Discovering Kyoto – The Imperial Palace, Golden Pavilion & Gion

We started our last day of visiting Kyoto with a tour of the Imperial Palace. Since a booking is compulsory and the English speaking group was sold out, we joined a Japanese guided tour.

I was a bit disappointed by the Imperial Palace and even got too lazy to take my camera out.

I was expecting something more… spectacular, probably the influence from all the Chinese Imperial buildings.

We followed up with a (once again) very crowded visit of Kinkaku-ji, the Golden Pavilion. Once again a bit disappointing since the interior can’t be visited. But I’ll admit that the building itself is very elegant.

 

After lunch we walked around Gion, the Geisha district, with its beautiful wooden houses and small backstreets. Geishas still exist in Japan, in dwindling numbers. Tourists are VERY keen on seeing them, so much so that signs encouraging good behavior have been put up along the walls of the district.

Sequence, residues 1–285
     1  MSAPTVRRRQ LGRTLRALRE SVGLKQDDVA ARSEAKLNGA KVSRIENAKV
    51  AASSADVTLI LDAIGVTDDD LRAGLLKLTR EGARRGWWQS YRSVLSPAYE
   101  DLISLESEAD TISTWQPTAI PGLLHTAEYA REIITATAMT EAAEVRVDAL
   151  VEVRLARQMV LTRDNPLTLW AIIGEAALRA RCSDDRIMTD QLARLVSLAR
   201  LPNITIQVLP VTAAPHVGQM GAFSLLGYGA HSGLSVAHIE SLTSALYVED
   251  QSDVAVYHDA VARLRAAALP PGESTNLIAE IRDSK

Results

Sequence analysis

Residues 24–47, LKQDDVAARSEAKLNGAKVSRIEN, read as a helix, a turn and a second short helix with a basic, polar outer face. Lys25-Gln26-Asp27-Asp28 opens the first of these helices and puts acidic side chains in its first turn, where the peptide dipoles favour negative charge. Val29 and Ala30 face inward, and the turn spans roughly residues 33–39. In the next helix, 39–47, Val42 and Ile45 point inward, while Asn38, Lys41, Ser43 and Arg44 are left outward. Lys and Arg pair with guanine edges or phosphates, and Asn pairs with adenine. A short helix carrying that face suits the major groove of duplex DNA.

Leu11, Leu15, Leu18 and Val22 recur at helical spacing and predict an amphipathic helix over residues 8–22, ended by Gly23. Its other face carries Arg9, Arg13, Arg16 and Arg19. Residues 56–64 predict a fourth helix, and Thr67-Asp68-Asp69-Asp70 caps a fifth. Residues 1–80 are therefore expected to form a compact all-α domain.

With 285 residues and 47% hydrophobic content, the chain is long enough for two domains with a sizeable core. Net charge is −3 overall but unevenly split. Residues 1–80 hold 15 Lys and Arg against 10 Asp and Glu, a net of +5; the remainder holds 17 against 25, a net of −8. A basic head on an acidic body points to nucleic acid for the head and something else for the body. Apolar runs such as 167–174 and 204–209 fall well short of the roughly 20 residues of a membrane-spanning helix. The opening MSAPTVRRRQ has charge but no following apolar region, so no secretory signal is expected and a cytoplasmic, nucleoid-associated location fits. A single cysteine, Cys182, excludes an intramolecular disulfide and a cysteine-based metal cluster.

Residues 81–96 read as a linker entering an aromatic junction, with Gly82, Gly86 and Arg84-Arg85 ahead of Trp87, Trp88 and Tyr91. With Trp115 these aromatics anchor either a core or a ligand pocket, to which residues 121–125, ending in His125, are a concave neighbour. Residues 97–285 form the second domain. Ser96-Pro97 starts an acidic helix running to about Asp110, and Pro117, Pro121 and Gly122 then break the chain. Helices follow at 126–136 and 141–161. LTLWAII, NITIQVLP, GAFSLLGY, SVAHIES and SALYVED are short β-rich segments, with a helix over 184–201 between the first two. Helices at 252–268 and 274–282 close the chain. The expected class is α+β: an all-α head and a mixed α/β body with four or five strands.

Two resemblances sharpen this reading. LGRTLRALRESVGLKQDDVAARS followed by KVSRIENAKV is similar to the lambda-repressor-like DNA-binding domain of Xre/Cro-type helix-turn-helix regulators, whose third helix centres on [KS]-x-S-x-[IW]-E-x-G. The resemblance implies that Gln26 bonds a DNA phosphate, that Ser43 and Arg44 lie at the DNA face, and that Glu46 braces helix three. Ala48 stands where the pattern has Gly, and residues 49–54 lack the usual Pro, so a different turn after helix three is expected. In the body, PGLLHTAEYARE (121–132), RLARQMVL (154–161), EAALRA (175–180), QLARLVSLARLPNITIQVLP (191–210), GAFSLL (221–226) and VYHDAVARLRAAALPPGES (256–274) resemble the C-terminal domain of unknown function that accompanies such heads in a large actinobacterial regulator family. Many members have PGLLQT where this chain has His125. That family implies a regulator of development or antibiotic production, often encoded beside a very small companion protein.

Geishas are hard to come across as they usually work in high class tea houses and get dropped off by taxi just in front of the door. We were very lucky to see one (from behind) and got a good view of her beautiful kimono.

Last year, we stumbled across an apprentice geisha in one of the back streets, far from tourists and even got a nice close up shot of her as she hurried by.

 

With so many women walking around Kyoto in kimonos or made up as Geishas, it’s difficult to tell who’s real and who’s fake.

A real geisha will be seen for a few seconds only, the time it takes her to walk from her taxi to the tea house door.

They also walk very fast on their traditional wooden Geta shoes and will not give a second look to tourists, let alone stop for pictures.

 

We finished the day by strolling around the Yasaka Shrine, on the east side of Gion.

There was a Geisha dancing performance but we manage to miss it! It’s a shame as this is one of the rare opportunities to see Geishas perform, since one needs good connections and decent money to have tea with them in an ochaya (tea house).

 

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